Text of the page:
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Treatment Choices

One-Third of Breast Cancer Patients Consult PCPs About Treatment Options

As more people survive cancer, primary care physicians and oncologists must work together to manage patient care. That’s because once cancer treatment ends, patients eventually transition back to their primary care physician.

Move, Breathe, Eat, Relax

When Martha Driskel learned she had esophageal cancer and needed a surgical procedure called an esophagectomy, she wanted to heal as quickly as possible. Thanks to the new Michigan Surgical and Health Optimization Program, her recovery went better than expected.

The PSA: Questions and Answers

Todd Morgan, M.D. of the U-M Multidisciplinary Urologic Oncology Clinic answers questions about prostate cancer biomarkers and explains how they help in prostate cancer treatment.

When You're Diagnosed with Skin Cancer

The first step in treating skin cancer is proper diagnosis. This requires your doctor to remove a small tissue sample (a biopsy) from the suspected site. When done at the University of Michigan, a specially trained dermatopathologist examines the biopsy to determine if cancer is present and if so what type.

Hope and Heirlooms

Christine Knight's family has always joked she was born with a needle in her hand. Like many busy wives and mothers, her hobby came second to her life. That changed when she was diagnosed with melanoma.

Quality of Care and Life

Mike Sanders wanted you to know: participating in a clinical trial does not rule your life. Nor does it mean your doctors only care about whether the medication is working or not.

One Doctor, Five Minutes, New Life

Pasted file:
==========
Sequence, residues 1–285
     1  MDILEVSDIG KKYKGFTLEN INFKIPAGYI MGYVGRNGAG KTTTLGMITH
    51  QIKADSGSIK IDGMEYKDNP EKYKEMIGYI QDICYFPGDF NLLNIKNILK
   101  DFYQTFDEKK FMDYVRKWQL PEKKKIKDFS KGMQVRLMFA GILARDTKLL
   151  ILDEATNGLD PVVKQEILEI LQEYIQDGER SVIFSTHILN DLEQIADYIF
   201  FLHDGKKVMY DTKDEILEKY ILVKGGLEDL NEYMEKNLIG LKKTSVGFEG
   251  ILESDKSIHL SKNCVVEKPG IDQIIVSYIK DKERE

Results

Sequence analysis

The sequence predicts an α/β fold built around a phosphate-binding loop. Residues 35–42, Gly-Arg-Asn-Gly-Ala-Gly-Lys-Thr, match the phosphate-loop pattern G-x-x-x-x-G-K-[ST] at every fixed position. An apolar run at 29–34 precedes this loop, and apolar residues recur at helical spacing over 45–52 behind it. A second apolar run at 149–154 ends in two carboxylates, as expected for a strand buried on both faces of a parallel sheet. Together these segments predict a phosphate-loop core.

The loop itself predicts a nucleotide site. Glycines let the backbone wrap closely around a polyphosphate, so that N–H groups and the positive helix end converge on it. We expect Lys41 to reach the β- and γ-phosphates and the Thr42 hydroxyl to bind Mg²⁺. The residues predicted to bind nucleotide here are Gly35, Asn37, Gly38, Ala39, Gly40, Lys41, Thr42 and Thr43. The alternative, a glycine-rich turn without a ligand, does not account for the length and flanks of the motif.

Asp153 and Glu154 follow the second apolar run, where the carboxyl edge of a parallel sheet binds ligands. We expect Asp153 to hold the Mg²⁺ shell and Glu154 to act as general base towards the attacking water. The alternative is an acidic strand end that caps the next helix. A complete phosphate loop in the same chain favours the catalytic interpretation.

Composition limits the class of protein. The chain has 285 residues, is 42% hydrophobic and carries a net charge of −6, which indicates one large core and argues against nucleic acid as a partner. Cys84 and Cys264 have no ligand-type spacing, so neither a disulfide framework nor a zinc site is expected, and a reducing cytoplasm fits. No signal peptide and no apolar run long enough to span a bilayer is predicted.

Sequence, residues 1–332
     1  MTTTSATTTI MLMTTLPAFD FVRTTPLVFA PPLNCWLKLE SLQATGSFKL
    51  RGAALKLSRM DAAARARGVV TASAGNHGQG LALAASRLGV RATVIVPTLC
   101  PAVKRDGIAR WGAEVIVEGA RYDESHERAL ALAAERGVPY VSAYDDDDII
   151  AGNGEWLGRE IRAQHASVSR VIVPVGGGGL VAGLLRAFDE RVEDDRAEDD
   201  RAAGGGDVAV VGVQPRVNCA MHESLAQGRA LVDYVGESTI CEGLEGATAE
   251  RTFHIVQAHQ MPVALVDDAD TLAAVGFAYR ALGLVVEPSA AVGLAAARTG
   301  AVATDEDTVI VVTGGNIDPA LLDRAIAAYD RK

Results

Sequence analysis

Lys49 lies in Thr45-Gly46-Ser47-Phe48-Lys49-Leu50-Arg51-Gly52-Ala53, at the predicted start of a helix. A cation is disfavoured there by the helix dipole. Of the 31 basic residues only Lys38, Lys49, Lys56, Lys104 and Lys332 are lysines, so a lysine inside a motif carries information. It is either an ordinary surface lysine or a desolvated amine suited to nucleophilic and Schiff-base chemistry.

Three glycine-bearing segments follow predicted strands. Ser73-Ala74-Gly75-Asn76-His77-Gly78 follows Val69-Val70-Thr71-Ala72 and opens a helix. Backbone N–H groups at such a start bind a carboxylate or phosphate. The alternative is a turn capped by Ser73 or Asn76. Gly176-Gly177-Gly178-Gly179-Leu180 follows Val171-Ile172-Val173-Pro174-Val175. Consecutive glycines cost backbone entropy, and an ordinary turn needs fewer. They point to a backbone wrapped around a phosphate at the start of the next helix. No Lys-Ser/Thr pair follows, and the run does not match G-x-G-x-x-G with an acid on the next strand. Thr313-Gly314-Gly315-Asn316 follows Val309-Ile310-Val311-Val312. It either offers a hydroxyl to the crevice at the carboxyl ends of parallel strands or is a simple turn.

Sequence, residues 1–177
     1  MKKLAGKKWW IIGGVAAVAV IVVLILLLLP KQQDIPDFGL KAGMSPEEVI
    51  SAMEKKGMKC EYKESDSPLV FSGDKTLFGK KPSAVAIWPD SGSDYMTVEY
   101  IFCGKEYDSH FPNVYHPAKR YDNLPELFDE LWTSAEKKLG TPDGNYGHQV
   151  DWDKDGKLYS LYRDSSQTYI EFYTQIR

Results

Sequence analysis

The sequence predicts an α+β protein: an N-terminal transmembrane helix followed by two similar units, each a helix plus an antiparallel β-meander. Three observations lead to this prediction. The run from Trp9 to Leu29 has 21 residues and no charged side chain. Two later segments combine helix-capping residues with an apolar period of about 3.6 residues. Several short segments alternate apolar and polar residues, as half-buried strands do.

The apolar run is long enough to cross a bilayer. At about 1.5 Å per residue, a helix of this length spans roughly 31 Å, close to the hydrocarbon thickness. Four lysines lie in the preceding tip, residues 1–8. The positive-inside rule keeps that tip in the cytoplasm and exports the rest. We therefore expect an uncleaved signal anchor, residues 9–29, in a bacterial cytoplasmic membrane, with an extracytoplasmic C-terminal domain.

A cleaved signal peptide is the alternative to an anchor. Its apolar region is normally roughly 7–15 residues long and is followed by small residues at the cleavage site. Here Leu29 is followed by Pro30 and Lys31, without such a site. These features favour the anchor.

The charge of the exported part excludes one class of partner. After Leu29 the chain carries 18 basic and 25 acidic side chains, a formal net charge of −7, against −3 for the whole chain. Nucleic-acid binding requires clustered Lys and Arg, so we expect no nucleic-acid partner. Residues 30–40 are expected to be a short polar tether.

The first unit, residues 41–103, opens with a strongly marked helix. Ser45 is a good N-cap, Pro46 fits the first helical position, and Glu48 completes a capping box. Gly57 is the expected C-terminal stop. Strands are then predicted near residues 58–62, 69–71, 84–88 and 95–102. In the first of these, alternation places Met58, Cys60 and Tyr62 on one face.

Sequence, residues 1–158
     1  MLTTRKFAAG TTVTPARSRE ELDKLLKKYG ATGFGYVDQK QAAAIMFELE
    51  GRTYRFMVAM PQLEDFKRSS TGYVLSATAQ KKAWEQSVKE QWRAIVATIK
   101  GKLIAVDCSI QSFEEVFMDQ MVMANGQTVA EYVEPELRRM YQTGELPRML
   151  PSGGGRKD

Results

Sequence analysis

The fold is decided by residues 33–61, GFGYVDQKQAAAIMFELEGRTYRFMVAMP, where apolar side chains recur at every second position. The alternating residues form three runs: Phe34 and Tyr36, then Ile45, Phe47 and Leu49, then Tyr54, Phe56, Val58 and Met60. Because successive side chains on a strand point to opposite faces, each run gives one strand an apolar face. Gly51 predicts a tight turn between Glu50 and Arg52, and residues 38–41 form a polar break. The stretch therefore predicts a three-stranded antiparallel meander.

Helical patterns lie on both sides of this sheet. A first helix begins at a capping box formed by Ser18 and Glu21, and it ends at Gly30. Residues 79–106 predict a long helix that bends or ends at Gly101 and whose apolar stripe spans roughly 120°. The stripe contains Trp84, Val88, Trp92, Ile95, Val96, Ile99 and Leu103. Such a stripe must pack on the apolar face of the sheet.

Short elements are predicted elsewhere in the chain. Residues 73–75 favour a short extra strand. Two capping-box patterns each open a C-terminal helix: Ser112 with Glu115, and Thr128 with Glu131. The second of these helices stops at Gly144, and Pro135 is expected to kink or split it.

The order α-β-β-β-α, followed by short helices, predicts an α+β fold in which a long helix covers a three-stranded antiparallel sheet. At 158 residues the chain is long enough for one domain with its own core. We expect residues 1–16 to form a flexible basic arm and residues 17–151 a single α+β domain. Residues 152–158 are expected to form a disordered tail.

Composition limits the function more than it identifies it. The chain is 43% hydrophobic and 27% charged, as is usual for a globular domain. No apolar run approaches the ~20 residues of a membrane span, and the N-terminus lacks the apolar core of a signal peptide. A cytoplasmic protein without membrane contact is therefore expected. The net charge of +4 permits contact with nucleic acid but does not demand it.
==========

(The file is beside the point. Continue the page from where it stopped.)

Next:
Communication with the patient and family is at the heart of the relationship between the patient, her family or friends, and the doctor. Nothing supplants the bond that forms when the patient knows her doctor is watching out for her health and for her life. As a doctor, you must convey that commitment with words and actions forever.

Precise Treatment, Precise Care

Patients who receive radiation therapy understand that the process often comes with anxiety. In order to reduce some of this anxiety, the Department of Radiation Oncology formed a Patient and Family Centered Care (PFCC) committee. The goal of the group is to offer patients and families the opportunity to reflect on their treatment and recommend potential ways to improve the experience for others.

Diagnosis, Pause, Decision

It's only natural when you hear the word cancer to want to spring into action to get rid of it. It's also natural to think about people you know who've had cancer and the decisions they made to treat it. You're afraid. You have families and friends to think about. You need to decide on your treatment . . . but not so fast.

Understanding a Tumor Board

Cancer Center experts meet to discuss patient cases and come up with innovative treatment options that could save lives.

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